Although the Prevagen website makes the product look like something from a pharmaceutical company, it’s just a dietary supplement that is sold without any kind approval or oversight from the FDA. Although the manufacturer expressly states in fine print that Prevagen has “not been evaluated by the Food and Drug Administration. This product is not intended to diagnose, treat, cure or prevent any disease,” it could be easy to think otherwise based on how the information is presented.

For more detailed information about what to look out for, be sure to read through our Nutritional Supplements Buyer’s Guide.


The only ingredient contained in Prevagen is apoaequorin, which is a calcium binding protein that helps regulate calcium levels within your body. As a result, this calcium can be used (at least in part) by your body to improve brain function.

However, there isn’t any clinical evidence provided on the Prevagen website that draws a straight line between apoaequorin and improved brain health (more about this in the next section). Instead, here is the manufacturer’s rationale: “Apoaequorin is classified as a protein. Proteins are needed for healthy brain function. Apoaequorin supports healthier brain function.” At least in this instance, it does not logically (or experimentally) follow that A + B = C.

Also, it should be noted that according to the FDA, “Apoaequorin is no longer extracted from the jellyfish, rather rapidly dividing host cells are ‘taught’ to grow the unique protein.” In other words, it’s synthetic, although this is alluded to on the product’s FAQ page.

Clinical Tests

Overall, there are just three studies listed on the Prevagen website to “prove” its efficacy:

  • This 2014 study (which is the primary one), completed by the company, claims to have consisted of 218 men and women between the ages of 40 and 91. Each was either given Prevagen (experimental group) or a placebo (control group), who were then tested a regular intervals using the CogState Research Test Battery to test memory recall. Overall, it appears that the experimental group did experience better results than the control group in many areas, although most of these differences ranged between 5% and 10%, although a select few were as high as 20%.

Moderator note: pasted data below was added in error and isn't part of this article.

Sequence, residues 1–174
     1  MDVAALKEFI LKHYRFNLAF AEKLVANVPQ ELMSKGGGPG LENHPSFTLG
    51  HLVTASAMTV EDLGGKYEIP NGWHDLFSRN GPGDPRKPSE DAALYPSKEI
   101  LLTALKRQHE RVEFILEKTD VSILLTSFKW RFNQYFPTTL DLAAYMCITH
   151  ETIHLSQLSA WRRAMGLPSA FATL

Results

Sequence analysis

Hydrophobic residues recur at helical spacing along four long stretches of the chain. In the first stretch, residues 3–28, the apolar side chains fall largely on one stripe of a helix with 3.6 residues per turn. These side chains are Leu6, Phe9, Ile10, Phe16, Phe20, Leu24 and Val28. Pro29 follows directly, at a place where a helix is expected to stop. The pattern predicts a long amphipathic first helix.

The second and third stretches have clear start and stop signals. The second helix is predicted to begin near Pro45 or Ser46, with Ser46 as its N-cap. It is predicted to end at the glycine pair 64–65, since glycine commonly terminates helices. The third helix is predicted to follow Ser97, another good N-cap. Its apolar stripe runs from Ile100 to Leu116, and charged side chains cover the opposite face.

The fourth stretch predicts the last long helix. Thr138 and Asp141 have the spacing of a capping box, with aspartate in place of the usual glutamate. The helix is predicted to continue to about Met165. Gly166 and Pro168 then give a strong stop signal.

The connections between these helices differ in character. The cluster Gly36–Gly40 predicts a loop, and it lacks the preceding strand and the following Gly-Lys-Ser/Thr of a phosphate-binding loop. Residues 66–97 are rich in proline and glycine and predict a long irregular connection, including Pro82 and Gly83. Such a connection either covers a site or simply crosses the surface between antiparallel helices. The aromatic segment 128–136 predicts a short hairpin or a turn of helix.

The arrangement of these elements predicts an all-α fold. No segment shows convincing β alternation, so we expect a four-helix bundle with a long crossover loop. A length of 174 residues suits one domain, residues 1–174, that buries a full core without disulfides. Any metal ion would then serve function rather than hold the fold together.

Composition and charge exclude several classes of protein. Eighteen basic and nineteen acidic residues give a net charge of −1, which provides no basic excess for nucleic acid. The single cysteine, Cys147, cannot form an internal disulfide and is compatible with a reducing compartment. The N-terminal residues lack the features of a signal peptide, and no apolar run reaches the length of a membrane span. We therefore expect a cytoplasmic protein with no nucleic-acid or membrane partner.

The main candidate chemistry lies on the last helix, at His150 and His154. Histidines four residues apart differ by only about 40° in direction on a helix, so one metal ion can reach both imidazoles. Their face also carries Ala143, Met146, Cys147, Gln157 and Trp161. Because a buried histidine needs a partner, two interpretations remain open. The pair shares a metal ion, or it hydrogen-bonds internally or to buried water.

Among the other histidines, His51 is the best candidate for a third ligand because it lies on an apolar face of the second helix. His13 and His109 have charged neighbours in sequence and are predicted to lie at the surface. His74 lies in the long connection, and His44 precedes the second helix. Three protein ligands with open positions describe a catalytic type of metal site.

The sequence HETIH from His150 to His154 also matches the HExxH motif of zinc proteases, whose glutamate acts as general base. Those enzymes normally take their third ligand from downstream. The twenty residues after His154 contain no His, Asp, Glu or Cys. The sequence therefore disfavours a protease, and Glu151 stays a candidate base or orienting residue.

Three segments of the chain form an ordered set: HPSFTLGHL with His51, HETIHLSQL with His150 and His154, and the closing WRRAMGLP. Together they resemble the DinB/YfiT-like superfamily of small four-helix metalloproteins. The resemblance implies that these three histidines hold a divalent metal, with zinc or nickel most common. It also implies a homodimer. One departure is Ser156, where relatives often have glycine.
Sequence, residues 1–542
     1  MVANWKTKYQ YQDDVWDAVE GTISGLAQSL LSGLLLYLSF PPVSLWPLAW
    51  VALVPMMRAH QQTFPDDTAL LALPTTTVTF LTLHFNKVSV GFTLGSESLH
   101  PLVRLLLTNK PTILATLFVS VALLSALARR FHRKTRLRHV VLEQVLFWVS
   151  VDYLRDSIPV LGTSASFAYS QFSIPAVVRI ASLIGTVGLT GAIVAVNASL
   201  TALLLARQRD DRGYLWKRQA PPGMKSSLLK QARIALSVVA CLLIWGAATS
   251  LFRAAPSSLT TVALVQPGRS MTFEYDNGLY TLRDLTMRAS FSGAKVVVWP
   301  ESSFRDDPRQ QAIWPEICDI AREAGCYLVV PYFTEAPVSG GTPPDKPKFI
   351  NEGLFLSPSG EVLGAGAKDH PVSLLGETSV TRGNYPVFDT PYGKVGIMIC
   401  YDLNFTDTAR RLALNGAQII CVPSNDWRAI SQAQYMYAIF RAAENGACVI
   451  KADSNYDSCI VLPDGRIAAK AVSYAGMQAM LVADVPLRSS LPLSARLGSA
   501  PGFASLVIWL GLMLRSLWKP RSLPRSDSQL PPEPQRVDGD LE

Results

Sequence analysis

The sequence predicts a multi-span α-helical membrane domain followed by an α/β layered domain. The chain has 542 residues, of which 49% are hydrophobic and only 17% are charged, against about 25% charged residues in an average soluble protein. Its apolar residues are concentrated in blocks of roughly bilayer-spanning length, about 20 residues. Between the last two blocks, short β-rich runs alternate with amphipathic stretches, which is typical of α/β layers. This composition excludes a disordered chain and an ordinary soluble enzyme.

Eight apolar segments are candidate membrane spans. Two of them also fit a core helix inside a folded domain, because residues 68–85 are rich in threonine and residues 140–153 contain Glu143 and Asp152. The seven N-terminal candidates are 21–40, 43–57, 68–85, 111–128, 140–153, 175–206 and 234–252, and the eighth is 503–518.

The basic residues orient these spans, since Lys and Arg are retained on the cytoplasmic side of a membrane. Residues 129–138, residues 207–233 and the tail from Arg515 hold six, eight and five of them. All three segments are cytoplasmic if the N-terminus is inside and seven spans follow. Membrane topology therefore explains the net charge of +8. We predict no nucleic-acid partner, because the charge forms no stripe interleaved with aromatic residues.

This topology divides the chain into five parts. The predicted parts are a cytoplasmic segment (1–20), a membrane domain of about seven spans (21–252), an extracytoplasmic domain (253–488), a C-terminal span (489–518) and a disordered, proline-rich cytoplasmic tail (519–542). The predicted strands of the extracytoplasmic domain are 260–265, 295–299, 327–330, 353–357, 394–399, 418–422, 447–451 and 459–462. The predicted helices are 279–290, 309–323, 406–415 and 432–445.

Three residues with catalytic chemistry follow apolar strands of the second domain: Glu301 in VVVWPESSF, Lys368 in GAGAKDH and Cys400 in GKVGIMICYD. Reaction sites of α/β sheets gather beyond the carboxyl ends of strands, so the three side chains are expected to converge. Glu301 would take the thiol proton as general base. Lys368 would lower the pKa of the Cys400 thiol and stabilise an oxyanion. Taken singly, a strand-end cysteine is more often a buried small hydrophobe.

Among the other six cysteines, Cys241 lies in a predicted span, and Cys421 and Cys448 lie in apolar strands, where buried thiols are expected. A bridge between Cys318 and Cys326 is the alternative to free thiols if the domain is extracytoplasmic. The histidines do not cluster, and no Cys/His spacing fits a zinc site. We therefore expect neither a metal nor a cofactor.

• This 2009 study, which did show some fairly remarkable improvements in memory, word recall, and forgetfulness. However, it’s important to note that the results were tabulated through self-assessed questionnaires (e.g. each participant was asked a question, who then provided feedback) and not through a formal clinical study.
  • A “Quality of Life” study (also from 2009 and in a self-assessment format) that referenced only quality of sleep, not memory.

Other Concerns

In a warning letter issued by the FDA to Prevagen’s manufacturer in October 2012, the organization stated that, “Prevagen contains a synthetic version of the jellyfish-derived protein apoaequorin. The warning letter states that because this ingredient is not a vitamin, mineral, amino acid, herb, botanical or an extract or metabolite thereof, it cannot be a dietary supplement ingredient.” In addition, the FDA claimed that the company failed “to report adverse events and product complaints associated with Prevagen, including heart arrhythmias, chest pain, vertigo, tremors, and fainting, seizures and strokes.”

With this said, according to the product’s website, Prevagen is safe, which they back up by referring to 2 studies (here and here). However, it’s important to note that both studies were conducted on mice, not humans.

Finally, at least according to a 2014 article in the Madison, WI-based Isthmus newspaper, “Far more scathing in his criticism is UW-Madison neuroscientist Baron Chanda. "This product doesn't make sense. It's basically quackery," he says after reviewing some of the online Prevagen research. He says there is no way the apoaequorin protein could survive the digestive tract and make its way to the brain. Prevagen purchasers, he suggests, are basically being played for "suckers."

For a complete breakdown about what to look for when investigating brain supplements, we’d strongly recommend reading our Do Brain Supplements Really Work? article.

Bottom line:

With a fairly high price, little peer-reviewed clinical evidence showing its efficacy, and some safety concerns, you might want to speak with your physician about more effective methods of improving your brainpower than Prevagen.

See also: 6 Ways to Naturally Improve Your Focus, Energy, Productivity, and Decrease Stress